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PostPosted: Wed May 26, 2010 7:01 pm 
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Cocobolo
Cocobolo

Joined: Wed May 26, 2010 4:15 pm
Posts: 183
First name: Joe
Last Name: Ulman
City: Bellevue
State: Washington
Country: US
Focus: Build
Hi All.
I am just starting to build my first guitar from a LMI serviced kit based on the plans for a 1937 Hermann Hauser. On inspection of the parts I noticed that the pre-made bridge that comes with the kit has some differences to the Hauser design.
1) The pre-made bridge has a concave face on the rear of the tie block which has me somewhat puzzled. What is the purpose of this?
2) How do I install the bone tie-block reinforcement strips, in particular the aft strip? It seems that even a shallow rabbet may compromise the thin lip of the rosewood top edge too much.
3) The tie-block and saddle slot width on the pre-made bridge is 80mm, whereas the Hauser plan shows closer to 86mm. Does this matter?
4) There are some other slight differences from the Hauser plan such as the location of the saddle slot relative to the front of the bridge: 6mm vs. 3mm for the Hauser.
5) Also, the saddle slot (2.3mm wide x 3.6mm deep) is not cut square but at 95 degrees from horizontal. What is the purpose of this?

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More details which may or may not be pertinent: The thickness of the bridge at both the tie-block and saddle slot is 9.9mm. The thickness of the wings: 4.0mm treble side, 4.7mm bass side. The bottom is essentially flat a couple of very shallow depressions that should disappear when surfacing to match the domed soundboard.

Thanks for any insight and suggestions. Joe


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PostPosted: Wed May 26, 2010 8:21 pm 
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Brazilian Rosewood
Brazilian Rosewood

Joined: Fri Nov 03, 2006 6:50 pm
Posts: 2711
Location: Victoria, BC
First name: John
Last Name: Abercrombie
Status: Amateur
Joe-
Welcome to the OLF!

If you are making a 'replica' of the 37 Hauser, you'll want every detail the same, but if you are building a guitar based on the Hauser (Brune) plan, I wouldn't worry too much about the bridge differences between the LMI bridge and the Hauser.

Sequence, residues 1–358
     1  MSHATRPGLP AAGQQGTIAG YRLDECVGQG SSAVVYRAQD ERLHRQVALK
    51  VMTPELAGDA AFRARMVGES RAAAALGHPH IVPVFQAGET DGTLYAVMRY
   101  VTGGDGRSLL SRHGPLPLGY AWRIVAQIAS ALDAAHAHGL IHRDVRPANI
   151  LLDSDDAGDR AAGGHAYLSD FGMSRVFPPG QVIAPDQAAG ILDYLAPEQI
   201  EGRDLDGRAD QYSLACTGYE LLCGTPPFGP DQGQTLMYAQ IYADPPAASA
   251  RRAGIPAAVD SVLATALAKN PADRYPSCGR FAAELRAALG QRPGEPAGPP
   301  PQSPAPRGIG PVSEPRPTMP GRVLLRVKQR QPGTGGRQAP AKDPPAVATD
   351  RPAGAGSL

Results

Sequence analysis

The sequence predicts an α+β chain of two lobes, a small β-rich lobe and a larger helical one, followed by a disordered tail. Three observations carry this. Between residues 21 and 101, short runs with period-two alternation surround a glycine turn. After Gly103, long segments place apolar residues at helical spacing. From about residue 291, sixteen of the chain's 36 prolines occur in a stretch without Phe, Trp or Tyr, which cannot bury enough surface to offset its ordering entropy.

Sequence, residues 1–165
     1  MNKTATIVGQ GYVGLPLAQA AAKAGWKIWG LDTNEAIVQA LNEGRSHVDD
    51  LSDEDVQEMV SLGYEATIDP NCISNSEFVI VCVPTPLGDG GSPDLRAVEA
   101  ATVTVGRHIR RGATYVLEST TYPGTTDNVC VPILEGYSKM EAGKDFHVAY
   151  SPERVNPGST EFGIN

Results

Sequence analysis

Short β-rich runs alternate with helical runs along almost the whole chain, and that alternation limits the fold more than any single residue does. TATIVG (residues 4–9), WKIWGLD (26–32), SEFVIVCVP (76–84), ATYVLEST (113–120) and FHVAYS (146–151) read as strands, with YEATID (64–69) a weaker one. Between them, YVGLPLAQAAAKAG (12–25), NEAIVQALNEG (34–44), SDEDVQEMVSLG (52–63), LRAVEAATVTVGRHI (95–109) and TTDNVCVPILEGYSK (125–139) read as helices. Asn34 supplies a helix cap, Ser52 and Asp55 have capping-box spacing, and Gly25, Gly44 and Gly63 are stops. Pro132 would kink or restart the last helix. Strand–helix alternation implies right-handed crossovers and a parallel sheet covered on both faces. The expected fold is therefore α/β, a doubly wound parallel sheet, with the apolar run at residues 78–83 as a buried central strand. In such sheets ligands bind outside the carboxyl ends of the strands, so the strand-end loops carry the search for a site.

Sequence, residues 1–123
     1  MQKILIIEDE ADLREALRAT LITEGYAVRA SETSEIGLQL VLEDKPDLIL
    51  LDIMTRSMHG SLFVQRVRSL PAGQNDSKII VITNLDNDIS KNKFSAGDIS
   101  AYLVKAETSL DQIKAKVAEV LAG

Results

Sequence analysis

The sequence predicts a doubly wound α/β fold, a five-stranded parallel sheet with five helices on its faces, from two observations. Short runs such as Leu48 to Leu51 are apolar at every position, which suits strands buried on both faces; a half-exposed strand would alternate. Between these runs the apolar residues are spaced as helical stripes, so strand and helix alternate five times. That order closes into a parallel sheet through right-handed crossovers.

IMO, You should think of the LMI bridge as a 'roughed out' bridge- there's plenty of finish work and shaping left to do. As you mention, shaping the bridge to the dome of the top will 'use up' a bit of the depth of the bridge.
On a first guitar, I wouldn't worry too much about small details like the difference in tie block length. Just make sure that the string separation at the bridge 'works' with the fingerboard width and taper in the plans. A quick diagram (full-scale) is a good idea for checking that, if you have any doubts.
BTW, it's the saddle location that's important (for intonation)- a mm or two difference in bridge location is not a big deal- so I wouldn't worry about the different amounts of wood 'in front of' the saddle.

The 'tilted back' saddle is considered by some makers to be 'better'- there's a tendency for the saddle to be pulled/tilted forward by the strings, and there are also ideas about having the string angles closer (in size) to each other on the two sides of the saddle.
Some possibilities:
Bridge blanks are quite cheap; you could buy a couple and make a bridge or two, if you want to take the time.
You could add a tie block overlay to the LMI bridge- keep it fairly thin, and you could take a bit off the top of the tieblock to make some room for an overlay. Solid bone (or ivory), or a bone 'frame' with a mosaic or other decorative inlay are both quite traditional looks.

Keep posting details/questions/pictures as you go- there are quite a few keen classical builders around the OLF and it's nice to see another build in progress.
[:Y:]
Cheers
John